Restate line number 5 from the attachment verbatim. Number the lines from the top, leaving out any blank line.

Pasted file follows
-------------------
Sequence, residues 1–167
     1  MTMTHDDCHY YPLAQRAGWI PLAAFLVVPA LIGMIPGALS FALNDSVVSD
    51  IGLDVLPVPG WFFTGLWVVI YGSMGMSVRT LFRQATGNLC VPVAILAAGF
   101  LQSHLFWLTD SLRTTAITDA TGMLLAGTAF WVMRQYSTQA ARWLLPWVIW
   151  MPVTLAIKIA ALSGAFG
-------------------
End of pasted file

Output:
   151  MPVTLAIKIA ALSGAFG